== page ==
Perhaps you’re gonna think I’m the most inappreciative idiot out there when reading this – and perhaps I am – but I can’t let go of the fact what thoughts goes through my mind after having tasted the 5G. Why can Port wine command such astronomic prices compared to Madeira without being superior, just different? Are there any risks with this sudden trend of super premium and extremely limited Port bottlings?
First though; the background. 5G. No, I haven’t tasted an Iphone. It’s a wine. Behind it you will find Wine & Soul, one of my favorite producers in the Douro Valley. Sandra Tavares da Silva and her husband Jorge Serôdio Borges are both sharp and brilliant winemakers. If you haven’t seen my post on Wine & Soul, click here.
5G stands for five generations and you’ve probably already figured it out; it’s an old wine, very old. The wine comes from three casks at the Borges family estate Quinta da Manoella – and all are more than 100 years old, actually about 120 years old. But since the documentation of the wines aren’t complete, it can’t be sold as a Colheita, that is marked with a vintage. Hence the name 5G since Jorge is the fifth generation producing this wine which previously only were enjoyed at special family occasions. Not more than 300 bottles will be available on the market and the price, well the price will of course be up to the retailer but do expect to pay around 1,500 euros. Indexing 100+ years and adding access and demand, few will probably question the price tag.
Praise 1 – the importer. I write about wine and have my focus areas; weak spots of mine or regions I am curious to find out more about. Hence I really appreciate when an importer, who wishes for me to taste a specific wine, do their homework and when asking if I’m interested in tasting samples, offers stuff I’m focusing on. That is respect. And when offered to taste a small sample of the 5G, well what can I say but the greatest thanks for the kindness Margareta.
Praise 2 – the wine. What strikes me when sniffing the wine – and tasting it – is just how remarkably fresh it is. Sure, the old wood is there and a hint of moist sawdust, but never it becomes negative, au contraire, it adds dimensions. Sweet licorice, pipe tobacco, dried figs and a fascinating green walnut scent. The wine is unfolding gracefully in the glass. A slight floral scent appears followed by dried orange peel. And then it appears; the one that elicits goosebumps; the newly rained dusty gravel road on a summer! It’s beautiful; ethereal. As if the wine were weightless. The palate is viscous, almost creamy, packed with flavor and yet the first thing that comes to mind is elegance. Oriental spices, nutmeg, a floral note, smoky oak and a fudge like taste. The texture is gorgeous and in the long finale there’s the pipe tobacco, the orange and marzipan. The sweetness is there but is never cloying. And again, that acidity…..how’s it possible?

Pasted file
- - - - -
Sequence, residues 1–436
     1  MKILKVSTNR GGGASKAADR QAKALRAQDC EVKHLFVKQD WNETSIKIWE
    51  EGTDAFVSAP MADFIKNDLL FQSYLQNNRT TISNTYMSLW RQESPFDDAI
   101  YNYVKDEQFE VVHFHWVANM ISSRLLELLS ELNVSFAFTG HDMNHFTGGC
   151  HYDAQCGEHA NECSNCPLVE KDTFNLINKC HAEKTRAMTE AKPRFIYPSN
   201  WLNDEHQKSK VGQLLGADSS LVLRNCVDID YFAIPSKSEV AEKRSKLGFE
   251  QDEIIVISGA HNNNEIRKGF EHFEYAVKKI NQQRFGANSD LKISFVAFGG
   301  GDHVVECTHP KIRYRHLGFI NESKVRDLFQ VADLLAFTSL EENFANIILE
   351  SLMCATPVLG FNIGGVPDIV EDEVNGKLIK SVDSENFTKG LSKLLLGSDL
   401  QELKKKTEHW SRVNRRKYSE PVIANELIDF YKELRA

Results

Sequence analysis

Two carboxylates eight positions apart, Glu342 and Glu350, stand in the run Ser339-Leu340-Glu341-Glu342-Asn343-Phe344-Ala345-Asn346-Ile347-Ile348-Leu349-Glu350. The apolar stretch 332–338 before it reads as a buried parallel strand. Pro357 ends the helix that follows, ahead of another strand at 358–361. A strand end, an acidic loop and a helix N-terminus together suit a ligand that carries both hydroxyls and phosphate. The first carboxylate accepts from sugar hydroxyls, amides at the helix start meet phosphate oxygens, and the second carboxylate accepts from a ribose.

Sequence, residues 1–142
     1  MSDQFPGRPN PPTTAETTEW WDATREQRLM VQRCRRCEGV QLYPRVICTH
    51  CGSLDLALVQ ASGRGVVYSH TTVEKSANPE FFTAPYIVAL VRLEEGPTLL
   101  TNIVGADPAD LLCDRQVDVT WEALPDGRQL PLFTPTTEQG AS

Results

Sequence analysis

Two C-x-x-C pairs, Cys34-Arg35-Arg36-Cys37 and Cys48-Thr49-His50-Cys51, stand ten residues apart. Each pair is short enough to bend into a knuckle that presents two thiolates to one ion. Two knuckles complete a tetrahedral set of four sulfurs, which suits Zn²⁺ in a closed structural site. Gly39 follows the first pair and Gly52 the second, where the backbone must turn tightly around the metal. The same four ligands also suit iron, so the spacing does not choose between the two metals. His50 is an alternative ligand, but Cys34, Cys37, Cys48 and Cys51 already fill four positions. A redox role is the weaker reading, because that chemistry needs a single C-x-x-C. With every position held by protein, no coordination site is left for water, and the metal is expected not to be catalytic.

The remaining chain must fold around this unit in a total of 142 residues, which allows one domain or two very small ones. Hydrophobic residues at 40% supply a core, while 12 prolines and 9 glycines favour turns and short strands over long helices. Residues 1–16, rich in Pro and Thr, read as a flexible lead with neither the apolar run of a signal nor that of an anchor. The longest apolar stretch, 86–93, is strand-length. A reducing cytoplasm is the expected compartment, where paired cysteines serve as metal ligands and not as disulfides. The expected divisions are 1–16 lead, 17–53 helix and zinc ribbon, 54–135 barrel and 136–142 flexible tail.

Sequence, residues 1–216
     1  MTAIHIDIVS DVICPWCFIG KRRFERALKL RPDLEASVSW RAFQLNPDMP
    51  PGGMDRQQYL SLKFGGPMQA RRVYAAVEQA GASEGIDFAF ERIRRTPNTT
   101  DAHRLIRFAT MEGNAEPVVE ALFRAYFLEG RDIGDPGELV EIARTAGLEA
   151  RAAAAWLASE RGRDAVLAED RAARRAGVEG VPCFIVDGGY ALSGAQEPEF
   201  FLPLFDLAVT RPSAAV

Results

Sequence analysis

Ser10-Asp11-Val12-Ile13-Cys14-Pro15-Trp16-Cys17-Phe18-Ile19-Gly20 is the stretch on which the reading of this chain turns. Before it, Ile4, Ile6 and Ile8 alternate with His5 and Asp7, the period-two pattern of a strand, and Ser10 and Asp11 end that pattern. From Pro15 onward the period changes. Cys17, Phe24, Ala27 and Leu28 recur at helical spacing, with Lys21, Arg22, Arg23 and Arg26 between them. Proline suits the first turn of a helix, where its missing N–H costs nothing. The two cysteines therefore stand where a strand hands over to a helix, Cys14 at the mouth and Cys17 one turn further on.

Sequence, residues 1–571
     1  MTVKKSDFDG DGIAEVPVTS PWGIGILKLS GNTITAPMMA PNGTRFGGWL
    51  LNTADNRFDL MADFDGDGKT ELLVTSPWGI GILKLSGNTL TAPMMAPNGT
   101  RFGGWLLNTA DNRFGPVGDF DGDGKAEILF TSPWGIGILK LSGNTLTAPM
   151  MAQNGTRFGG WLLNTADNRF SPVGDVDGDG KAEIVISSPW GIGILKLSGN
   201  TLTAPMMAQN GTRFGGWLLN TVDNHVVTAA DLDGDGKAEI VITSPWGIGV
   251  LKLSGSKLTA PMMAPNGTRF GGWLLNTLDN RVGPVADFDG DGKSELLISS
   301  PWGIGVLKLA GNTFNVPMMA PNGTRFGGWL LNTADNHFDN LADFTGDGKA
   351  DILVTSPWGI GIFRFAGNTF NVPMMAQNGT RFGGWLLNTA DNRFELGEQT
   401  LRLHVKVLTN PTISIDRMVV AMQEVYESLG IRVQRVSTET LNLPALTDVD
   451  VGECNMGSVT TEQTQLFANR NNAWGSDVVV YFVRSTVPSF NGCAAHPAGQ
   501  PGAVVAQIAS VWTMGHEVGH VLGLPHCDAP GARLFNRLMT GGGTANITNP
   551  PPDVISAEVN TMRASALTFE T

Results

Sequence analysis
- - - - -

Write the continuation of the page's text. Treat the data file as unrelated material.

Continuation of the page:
Concern 1. First the Taylor’s Scion and then the Tributa from Quinta do Vallado and 5G from Wine & Soul. Is this a trend more producers will join and if so, can it come with any risks? There’s no doubt that in Douro there is a lot of old wine. Few though, will be able to be sold as Colheitas, hence the exclusive bottles without date. It’s a product with extremely limited availability but is it good for Douro and the Port business? Is there a risk it just turns out like Champagne where the efforts on the package has reached such levels for the premium bottles, that it appeals to all others than the actual winelovers? In the case of 5G there is no question about the quality, but will more wines from other perhaps lesser known producers suddenly start popping up, premium packed and with extremely high prices? Or should we simply just let the Douro producers have this treat because they deserve the attention? What’s your thought?
Concern 2. I’m Mad about Madeira. In my world, it’s the most breathtaking wine in the world. That doesn’t equal being better than Port wine, not at all. It’s a preference. But when premium Port wine command prices out of this world, I can pick up the divine and documented 1850 Vintage Verdelho from d’Oliveiras at half the price. It’s 750 euros at Luís d’Oliveira when visiting the producer at Rua dos Ferreiros in Funchal. 2 bottles of that one or one premium port? Why is it like that? Do Madeira producers suck at marketing and building the brand? I don’t believe that is the case; I’ve seen their commitment and even Blandy’s do have a connection to Douro with the Symingtons. So, why do you think the 1850 Verdelho is half the price?
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Summary; the wine is divine and kickstarts a lot of thoughts. I have no issues with the price. I’m basically in favor of wines like 5G. It puts well deserved attention to a region. But are there any risks? Second; I like Madeira. Why is Madeira cheap in comparison? I don’t know. Comment, share your thoughts!